Regarded as one of the most valuable spiritual assets that a king could possess, alicorns could be purchased at apothecaries until the 18th century and they were commonly found on display in cabinets of curiosity. Alchemists working for royal families and nobles used alicorn in their production of spagyrically (super charged) plant medicines.
"Unicorn horns" on display at the Rijksmuseum. These came from the Mariakerk in Utrecht where they were used as candlestick holders. (Autopilot/ CC BY SA 4.0 )
Unicorn horn was most often infused and ingested to fight the symptoms of rubella, measles, fevers, and pains. Parisian monks gave it to lepers to facilitate their wound healing and prescribed it to nobles and royals to fight against the plague and to neutralize scorpion or viper venom.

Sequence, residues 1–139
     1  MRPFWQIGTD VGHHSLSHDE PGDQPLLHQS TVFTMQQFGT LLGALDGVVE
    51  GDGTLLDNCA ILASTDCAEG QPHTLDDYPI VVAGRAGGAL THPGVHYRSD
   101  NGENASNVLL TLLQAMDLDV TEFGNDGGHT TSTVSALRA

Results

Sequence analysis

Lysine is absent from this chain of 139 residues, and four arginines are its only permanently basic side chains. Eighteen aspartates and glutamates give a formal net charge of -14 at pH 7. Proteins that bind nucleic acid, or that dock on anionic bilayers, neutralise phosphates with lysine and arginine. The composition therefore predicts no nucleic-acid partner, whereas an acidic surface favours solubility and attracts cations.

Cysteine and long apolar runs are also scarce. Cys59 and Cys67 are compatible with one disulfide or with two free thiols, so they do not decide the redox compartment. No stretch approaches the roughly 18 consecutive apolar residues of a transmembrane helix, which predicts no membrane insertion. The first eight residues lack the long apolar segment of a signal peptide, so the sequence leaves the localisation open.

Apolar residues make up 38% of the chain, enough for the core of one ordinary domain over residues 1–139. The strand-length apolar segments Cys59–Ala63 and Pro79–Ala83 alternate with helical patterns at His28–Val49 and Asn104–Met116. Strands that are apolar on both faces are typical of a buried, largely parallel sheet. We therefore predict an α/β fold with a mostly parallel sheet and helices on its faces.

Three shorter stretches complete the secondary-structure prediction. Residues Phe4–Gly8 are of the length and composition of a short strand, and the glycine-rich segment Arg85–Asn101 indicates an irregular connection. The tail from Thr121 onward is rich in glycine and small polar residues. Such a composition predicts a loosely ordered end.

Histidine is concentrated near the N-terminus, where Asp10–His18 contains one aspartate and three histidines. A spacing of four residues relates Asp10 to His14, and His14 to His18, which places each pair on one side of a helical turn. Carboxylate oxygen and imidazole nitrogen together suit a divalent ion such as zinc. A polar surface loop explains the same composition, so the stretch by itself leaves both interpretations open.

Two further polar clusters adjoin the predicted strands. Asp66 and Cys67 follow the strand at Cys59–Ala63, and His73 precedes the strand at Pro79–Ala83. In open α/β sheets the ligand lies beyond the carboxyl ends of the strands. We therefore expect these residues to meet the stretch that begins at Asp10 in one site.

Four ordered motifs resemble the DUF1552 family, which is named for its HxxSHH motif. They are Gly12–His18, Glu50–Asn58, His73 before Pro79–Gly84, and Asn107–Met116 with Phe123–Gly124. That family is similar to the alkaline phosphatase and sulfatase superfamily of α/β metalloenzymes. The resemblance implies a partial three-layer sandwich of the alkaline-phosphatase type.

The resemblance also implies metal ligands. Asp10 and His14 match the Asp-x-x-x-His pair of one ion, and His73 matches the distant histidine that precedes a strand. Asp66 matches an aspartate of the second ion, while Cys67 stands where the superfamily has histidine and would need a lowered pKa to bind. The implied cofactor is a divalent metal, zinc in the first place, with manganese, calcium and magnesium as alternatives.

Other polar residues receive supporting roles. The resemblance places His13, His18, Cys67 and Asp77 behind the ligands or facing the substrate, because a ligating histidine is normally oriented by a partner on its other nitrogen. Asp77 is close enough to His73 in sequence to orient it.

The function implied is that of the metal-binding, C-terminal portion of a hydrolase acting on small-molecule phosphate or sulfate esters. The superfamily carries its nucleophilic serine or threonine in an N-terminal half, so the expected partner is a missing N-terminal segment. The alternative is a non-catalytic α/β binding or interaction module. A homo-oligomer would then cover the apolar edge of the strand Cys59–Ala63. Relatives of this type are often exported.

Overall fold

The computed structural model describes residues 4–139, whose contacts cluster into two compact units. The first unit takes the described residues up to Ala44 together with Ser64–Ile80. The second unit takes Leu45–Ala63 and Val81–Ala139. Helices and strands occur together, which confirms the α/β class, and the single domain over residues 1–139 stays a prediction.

It is probably the small fortune that royals paid for these objects that kicked their placebo effect into over drive and caused some of the reported cases of healing. In the 12th century, abbess Hildegard of Bingen’s medicinal and scientific writings recommended an ointment against leprosy made from foie de licorne and egg yolk, said that wearing “a unicorn leather belt” would protect a person from the plague and fevers, and alleged that “leather unicorn skin shoes” drove diseases away from the feet.
Hildegard of Bingen and her nuns used alicorn in their mystical Christian healing practices. ( Public Domain )
Many Medieval authors of repute devoted entire works to the medicinal properties of the unicorn horn, including Andrea Bacci's 1573 The Treaty of the Unicorn, its wonderful properties and its use. And the famous French surgeon, Ambroise Paré’s , 1580s book of Discourse On Onicorn marked what some historians see as the beginnings of the experimental method.